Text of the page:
Since the appellant ousted the appellee from the jointly owned property, thereby denying her the right to its use and enjoyment, we agree with the trial judge that the appellant is not entitled to contribution. See Colburn v. Colburn, supra, 265 Md. at 475-76; Hogan v. McMahon, supra.

Paul's lament that Naomi waited four years before acting comes with poor grace, to say the least. During that entire period, until now, he has had the benefit of possession of the premises and no claim is made, on her behalf, that he account to her for the value of such exclusive use. In this connection, we observe that Naomi has taken no cross appeal and therefore does not challenge the chancellor's ruling that her liability for contributions commenced as of February 9, 1976, the date of the decree of divorce a vinculo matrimonii.[8]

Decree affirmed; appellant to pay the costs.

NOTES

[1] Paul testified that he agreed to marry Naomi after she had informed him that she was pregnant. She later aborted the child.

[2] Naomi did not commence divorce proceedings until 3 years later. She obtained a decree a vinculo matrimonii on February 9, 1976.

[3] The claimed errors are the chancellor's findings: (1) that appellant failed to show fraud to support either a constructive or resulting trust; (2) that the parties became tenants in common after their divorce on February 9, 1976; (3) that appellant intended to make a gift to appellee (a finding not made by the chancellor); and (4) that appellant had caused an ouster of appellee from the property in 1972.

[4] The Court of Appeals in Schilbach v. Schilbach, 171 Md. 405, 189 A. 432 (1937) defined a tenancy by the entireties as "essentially a joint tenancy, modified by the common law theory that husband and wife are one person.... Except for the fact that it cannot be defeated, during their lives, without the joint action of both, the same rules of law apply to it as to any other cotenancy." Id. at 407-08.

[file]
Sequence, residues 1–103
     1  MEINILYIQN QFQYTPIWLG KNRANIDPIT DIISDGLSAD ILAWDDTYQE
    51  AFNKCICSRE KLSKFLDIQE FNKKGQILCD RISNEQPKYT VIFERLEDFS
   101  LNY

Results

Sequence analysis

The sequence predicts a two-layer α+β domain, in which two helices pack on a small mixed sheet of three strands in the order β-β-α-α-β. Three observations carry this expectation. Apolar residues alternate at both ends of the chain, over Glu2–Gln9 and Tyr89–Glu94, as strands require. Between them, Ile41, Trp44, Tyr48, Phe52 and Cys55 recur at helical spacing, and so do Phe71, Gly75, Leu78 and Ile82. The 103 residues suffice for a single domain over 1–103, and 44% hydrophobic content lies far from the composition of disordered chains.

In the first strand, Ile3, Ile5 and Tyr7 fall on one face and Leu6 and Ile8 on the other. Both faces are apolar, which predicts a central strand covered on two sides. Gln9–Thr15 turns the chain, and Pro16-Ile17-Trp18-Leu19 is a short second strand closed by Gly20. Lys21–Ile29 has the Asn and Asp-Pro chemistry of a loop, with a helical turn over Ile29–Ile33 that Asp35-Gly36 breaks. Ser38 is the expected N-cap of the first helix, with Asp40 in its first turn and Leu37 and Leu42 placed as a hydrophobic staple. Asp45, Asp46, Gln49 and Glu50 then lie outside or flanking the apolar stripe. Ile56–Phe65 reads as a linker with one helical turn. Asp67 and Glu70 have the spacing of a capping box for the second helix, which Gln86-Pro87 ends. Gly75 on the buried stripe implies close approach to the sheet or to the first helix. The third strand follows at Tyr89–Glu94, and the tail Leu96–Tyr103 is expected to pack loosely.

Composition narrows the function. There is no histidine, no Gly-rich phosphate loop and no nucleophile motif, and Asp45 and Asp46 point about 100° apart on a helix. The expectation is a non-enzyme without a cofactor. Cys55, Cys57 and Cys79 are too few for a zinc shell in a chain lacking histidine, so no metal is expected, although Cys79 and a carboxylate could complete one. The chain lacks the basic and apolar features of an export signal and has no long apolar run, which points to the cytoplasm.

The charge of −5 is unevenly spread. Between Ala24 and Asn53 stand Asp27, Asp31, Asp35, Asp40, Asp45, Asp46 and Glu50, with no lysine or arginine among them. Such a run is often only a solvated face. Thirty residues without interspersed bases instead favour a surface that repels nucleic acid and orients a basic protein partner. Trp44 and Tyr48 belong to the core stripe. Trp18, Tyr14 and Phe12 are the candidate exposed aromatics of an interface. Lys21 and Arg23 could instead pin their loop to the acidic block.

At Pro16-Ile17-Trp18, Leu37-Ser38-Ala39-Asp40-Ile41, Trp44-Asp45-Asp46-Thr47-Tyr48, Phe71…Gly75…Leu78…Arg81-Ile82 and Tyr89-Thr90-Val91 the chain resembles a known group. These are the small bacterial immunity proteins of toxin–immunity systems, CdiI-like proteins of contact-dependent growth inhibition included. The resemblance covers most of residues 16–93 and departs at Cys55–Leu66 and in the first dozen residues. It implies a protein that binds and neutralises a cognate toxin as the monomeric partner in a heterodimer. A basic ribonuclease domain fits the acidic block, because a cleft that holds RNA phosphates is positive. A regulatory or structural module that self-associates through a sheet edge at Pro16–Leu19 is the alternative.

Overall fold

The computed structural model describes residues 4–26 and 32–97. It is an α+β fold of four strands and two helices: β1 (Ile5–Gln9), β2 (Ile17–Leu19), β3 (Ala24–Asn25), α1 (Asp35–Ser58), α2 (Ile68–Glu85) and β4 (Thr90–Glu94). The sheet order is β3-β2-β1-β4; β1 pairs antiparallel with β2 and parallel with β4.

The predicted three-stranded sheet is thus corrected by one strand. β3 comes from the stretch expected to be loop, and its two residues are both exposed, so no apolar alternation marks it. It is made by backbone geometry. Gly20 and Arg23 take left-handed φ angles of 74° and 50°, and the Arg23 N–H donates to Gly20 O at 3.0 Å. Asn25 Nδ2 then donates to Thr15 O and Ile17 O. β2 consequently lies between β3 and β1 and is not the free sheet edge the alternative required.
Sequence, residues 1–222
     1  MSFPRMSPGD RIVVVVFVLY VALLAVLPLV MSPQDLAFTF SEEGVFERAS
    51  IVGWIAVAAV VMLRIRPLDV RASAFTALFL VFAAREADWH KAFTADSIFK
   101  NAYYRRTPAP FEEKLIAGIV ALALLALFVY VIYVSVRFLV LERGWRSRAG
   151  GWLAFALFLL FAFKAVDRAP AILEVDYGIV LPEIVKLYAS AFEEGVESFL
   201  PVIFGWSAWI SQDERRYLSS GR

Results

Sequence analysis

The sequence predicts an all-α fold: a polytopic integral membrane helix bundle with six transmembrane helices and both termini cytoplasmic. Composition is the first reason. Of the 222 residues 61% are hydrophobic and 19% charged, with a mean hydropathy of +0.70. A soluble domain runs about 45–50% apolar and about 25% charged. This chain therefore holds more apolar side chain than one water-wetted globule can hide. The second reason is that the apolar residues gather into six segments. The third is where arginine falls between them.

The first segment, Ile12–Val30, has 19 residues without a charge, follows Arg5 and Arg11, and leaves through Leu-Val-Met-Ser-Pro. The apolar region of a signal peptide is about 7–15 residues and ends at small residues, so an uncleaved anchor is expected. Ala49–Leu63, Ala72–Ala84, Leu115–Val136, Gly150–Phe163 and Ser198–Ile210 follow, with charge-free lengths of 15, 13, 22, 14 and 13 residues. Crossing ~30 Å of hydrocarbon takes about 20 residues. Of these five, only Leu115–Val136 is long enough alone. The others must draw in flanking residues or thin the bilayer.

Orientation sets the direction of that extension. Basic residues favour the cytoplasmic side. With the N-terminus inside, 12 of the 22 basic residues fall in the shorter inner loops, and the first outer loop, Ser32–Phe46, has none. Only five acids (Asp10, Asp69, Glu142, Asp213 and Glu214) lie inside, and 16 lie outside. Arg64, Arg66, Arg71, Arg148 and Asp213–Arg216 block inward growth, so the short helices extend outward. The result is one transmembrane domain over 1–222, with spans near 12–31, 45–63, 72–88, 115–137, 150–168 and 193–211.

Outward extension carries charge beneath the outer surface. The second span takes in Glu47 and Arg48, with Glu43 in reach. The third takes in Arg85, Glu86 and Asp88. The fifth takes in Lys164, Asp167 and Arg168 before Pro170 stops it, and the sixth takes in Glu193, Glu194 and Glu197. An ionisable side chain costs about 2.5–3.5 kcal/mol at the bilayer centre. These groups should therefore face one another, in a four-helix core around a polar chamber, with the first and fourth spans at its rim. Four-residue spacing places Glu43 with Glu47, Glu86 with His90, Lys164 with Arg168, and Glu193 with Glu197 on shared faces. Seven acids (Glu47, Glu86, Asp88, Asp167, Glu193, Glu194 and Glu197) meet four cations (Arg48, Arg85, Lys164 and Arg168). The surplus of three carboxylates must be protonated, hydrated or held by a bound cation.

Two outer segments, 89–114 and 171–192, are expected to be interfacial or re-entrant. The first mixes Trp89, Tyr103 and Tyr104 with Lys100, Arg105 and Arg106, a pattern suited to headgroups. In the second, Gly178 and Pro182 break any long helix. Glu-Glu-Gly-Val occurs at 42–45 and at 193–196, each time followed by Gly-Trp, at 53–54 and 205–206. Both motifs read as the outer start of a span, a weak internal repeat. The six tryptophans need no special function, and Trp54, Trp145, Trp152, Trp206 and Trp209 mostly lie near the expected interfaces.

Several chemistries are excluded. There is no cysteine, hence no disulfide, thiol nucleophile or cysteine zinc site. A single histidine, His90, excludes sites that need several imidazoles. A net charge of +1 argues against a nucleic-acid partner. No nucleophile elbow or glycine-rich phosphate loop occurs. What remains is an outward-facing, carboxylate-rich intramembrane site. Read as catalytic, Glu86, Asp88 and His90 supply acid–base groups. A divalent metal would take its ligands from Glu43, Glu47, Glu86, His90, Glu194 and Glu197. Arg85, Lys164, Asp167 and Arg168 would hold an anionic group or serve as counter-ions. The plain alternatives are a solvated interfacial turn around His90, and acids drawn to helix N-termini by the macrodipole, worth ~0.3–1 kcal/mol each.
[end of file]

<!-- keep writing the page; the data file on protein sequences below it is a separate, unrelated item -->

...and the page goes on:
[5] Infra at 8-10.

[6] Club Room $500; carpet $300; fence $300; room addition $175; patio deck $200; landscaping $450; aluminum siding $850; inground pool $1,025; fireplace $200; bathroom $200 and central air-conditioning $300.

[7] Although we consider doubtful whether the improvements included in appellant's claim for contribution, supra n. 6, may be brought within the ambit of "necessary repairs and improvements," DiTommasi, supra, 27 Md. App. at 263, we need not decide that issue.

[8] The chancellor concluded (erroneously, we think) that the parties became tenants in common as of the date of the decree. Since they were joint tenants beginning in 1964, as we have found, their 1976 divorce would have no effect on the joint tenancy. Of course, if they had been tenants by the entireties, the divorce would have converted that tenancy into a tenancy, in common.